With the threat of nuclear catastrophe a possibility, Americans in Japan should consider leaving the country and those considering traveling to Japan should defer their plans, the State Department said in a news release early Thursday morning.
The State Department is working to help U.S. citizens in the areas affected by the deteriorating conditions at the Fukushima Daiichi nuclear plant in northeastern Japan depart the country, according to the release. It is not clear just how the evacuations will be carried out.
In a situation that remains fluid, this marks a widening divergence between the Japanese government's recommendations for its citizens and the United States' recommendations for Americans.
On Wednesday, the White House reiterated the Nuclear Regulatory Commission's recommendation that Americans stay beyond an 80-kilometer radius of the plant, while the Japanese government's recommendation called for residents to evacuate beyond 20 kilometers and to stay indoors at 30 kilometers.
White House press secretary Jay Carney did not explain the difference in policies in a news conference on Wednesday.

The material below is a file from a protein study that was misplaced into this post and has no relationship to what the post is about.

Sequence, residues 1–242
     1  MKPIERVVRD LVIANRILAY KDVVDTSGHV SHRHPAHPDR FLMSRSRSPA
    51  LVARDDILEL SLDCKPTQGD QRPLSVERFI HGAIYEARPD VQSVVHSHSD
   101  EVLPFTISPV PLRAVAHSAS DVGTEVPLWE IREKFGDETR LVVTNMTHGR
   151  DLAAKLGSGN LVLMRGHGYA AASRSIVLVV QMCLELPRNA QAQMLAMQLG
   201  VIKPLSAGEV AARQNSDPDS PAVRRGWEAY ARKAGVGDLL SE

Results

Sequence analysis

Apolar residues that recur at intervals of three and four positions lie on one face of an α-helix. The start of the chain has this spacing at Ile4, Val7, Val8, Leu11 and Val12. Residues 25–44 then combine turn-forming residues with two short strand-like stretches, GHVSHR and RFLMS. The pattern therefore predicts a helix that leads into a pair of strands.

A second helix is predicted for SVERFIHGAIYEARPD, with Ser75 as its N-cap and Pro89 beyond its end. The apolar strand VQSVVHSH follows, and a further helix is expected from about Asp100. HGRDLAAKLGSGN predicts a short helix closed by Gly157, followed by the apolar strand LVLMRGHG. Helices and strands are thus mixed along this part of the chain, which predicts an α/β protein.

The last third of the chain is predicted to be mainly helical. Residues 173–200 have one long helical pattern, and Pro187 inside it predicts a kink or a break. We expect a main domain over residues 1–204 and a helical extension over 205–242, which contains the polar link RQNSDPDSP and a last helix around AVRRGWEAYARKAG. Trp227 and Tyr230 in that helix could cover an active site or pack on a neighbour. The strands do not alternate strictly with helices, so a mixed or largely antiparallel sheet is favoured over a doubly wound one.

“I will not from here judge the Japanese evaluation of the data,” Carney said.
In addition to the recommendations for civilians, the State Department authorized the voluntary departure of family members and dependents of U.S. government officials wishing to leave Northeast Japan.
It appears as if military personnel will remain in the Japan.
"U.S. forces remain in Japan and the U.S. has full capability to fulfill our alliance commitments to defend Japan and maintain peace and security in the region," wrote Marine Col. Dave Lapan in an e-mailed news release.
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